Ufology: An Uncertain Future?

Some of you may have seen the recent news that Errol Bruce-Knapp decided to close down his much acclaimed site/discussion list UFO Updates. It opened its doors – so to speak – in November 1996 and went from strength to strength. Indeed, for a number of years it was the place to go to if you wanted to see who was arguing with who, who was demolishing someone else’s theories, and who was demanding blood. Well, the “demanding blood” reference may have been a bit of an exaggeration (or maybe not…), but you see what I mean!

As they say, however, all good things come to and end. Even UFO Updates. And I don’t think Errol would disagree with me when I say that it was time. The number of messages posted in the last year or so had dropped dramatically, and the debates were undeniably lack-luster compared to earlier years. So, in my view, Errol did the right thing by going out on top and leaving an excellent legacy.

But, the end of UFO Updates led a few people to ask me if I felt this was the start of “the end of Ufology” (to quote the words of one questioner in particular). Well, no, I don’t. In many respects it all very much depends on how I, you, or any and all of us, define Ufology. In literal terms it’s the study and research of UFOs. Well, yes, we all know that! But, there is, of course, the other side of Ufology: the social side.

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UFO Updates was a social forum that allowed those of us with an interest in the subject to chat, debate and argue with colleagues, friends, associates, skeptics, wide-eyed believers, full-on nut-jobs, and whacked-out debunkers. As does Facebook, Twitter, UFO-themed chat-rooms, Skype and more.

But, is endlessly debating on how many bodies were found outside of Roswell in 1947 actually considered to be research? I’d say no. In the same fashion, I’d say that arguing about whether the “Cash-Landrum UFO” was a genuine alien craft or some form of classified vehicle of the military does not amount to research either. It amounts to debate.

Now there’s nothing wrong with debate and interaction. We are – each and every one of us – social animals. We are not meant to be alone. Definitively solitary figures very often become deeply eccentric, mad-as-a-hatter figures. I know some of them in Ufology and it’s pretty pathetic. That’s one of the reasons why people who are into UFOs attend conferences: it’s not just about what you learn (or don’t learn!). It’s also about catching up with old friends and knocking back a beer or several. It’s all great fun, and I love it, but it’s not UFO research. Nor should it be considered as such: it’s about having a bloody good time.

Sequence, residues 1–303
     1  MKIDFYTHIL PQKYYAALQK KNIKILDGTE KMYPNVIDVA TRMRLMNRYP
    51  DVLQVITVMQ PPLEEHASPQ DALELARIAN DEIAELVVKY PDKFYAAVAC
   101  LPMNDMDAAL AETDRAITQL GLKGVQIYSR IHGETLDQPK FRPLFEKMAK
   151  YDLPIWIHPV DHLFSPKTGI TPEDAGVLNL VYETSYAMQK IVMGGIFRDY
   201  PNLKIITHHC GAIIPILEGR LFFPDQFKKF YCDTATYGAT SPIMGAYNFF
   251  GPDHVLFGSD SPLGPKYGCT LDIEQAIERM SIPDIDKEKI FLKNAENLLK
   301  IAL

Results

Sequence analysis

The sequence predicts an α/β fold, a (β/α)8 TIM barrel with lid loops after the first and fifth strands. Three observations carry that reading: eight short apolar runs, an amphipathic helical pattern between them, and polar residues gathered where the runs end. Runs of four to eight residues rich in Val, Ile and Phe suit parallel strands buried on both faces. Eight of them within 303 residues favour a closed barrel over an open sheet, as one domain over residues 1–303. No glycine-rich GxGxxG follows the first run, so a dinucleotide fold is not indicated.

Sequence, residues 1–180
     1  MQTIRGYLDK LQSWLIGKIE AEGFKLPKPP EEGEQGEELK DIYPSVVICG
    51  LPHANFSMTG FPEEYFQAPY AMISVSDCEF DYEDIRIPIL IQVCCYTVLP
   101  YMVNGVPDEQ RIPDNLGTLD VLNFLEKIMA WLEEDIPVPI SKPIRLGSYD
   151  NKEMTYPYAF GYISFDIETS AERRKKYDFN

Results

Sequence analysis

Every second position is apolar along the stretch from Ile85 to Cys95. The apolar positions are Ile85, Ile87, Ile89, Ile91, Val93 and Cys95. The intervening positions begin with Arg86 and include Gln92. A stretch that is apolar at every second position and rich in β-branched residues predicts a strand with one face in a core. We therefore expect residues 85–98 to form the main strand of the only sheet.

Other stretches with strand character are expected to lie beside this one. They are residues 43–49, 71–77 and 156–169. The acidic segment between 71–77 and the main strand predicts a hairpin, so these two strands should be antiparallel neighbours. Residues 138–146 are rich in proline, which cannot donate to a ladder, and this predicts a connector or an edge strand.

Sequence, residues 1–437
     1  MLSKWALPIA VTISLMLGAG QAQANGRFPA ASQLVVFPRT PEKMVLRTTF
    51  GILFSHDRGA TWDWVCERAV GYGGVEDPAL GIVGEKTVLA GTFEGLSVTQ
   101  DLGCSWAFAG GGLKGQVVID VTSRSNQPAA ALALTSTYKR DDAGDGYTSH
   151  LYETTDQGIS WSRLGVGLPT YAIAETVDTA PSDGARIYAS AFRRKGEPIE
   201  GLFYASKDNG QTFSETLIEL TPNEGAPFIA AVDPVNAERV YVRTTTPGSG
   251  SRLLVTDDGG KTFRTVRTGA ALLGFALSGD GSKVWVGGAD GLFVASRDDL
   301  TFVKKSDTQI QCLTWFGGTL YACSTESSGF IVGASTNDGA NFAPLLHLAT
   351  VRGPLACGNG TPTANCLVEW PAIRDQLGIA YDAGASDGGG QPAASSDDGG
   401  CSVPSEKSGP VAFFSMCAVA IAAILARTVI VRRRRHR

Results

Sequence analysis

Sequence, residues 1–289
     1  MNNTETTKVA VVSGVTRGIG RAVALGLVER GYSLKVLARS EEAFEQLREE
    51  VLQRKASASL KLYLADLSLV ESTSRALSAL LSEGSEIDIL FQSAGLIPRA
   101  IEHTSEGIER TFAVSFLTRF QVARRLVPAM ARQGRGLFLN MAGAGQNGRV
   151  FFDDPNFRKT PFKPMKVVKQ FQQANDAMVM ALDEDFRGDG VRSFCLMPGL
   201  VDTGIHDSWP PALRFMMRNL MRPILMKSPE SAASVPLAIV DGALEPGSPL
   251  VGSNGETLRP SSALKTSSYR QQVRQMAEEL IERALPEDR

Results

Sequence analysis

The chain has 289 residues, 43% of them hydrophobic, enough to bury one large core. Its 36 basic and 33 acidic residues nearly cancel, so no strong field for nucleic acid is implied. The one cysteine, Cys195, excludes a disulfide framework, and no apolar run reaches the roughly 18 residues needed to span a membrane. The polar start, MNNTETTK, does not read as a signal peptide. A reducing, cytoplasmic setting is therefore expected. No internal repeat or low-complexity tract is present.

Research, as I see it anyway, is about hitting the road, tracking down witnesses, visiting the sites of UFO encounters, checking in with the local newspaper offices and police-stations to try and uncover more, and finding as much data as possible, and doing so personally.

So, here’s my point in all of this: Ufology is not just one “thing.” Nor can its popularity (or lack of) be defined by one angle. There is (a) the study of the phenomenon at a “grassroots” level and an “in the field” level; and (b) the online debating/social/lecture/conference side of it all. To this second category, I would add UFO Updates and the dwindling number of magazines and newsletters that cater for UFO enthusiasts.

As for UFO Updates’ passing, I don’t think it marks the end of anything – aside from UFO Updates itself. Very often, such questions get asked because people have short memories. For example, back in the mid-1990s (when Mulder and Scully mania was at its height) there were, at one point, a dozen glossy, color UFO-themed publications on the UK newsstands. They included: Sightings, UFO Reality, Alien Encounters, Enigma, UFO Magazine, The Unopened Files, The X-Factor and…well…the list goes on. Today, they are all gone.

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But there is still a UFO scene in the UK, and people are still researching and holding conferences. Granted, the scale of the scene has dwindled a lot, and that’s much the same in the US, too. UFO Updates  has gone. Something may come along and take its place. On the other hand, nothing may come along and take its place.

People who have an interest in, or a passion for, the UFO mystery will continue to undertake research, and they will continue to attend conferences and lectures and have fun. Blood-pressures will continue to rise on Facebook. The audience sizes may fall, the number of journals may dwindle, and the online debating rooms may go the way of the Dodo. To me, it doesn’t matter how large or small the scene is. And if I never drink a beer at a conference again because all the conferences are gone, I’ll drink them down the pub with my mates, which I do anyway.

So, in all probability, forums, magazines, conferences and researchers will rise and fall – as will interest in the subject. Ufology comes and goes in peaks and troughs and is different things to different people. It always has been and it always will be. So, as per the title of this article, do I think Ufology has an uncertain future? No, but I do think it will have a dramatically changing future, one that some may see as good and others perceive as not so good.

But that’s Ufology and that’s people, too.

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Nick Redfern works full time as a writer, lecturer, and journalist. He writes about a wide range of unsolved mysteries, including Bigfoot, UFOs, the Loch Ness Monster, alien encounters, and government conspiracies. Nick has written 41 books, writes for Mysterious Universe and has appeared on numerous television shows on the The History Channel, National Geographic Channel and SyFy Channel.
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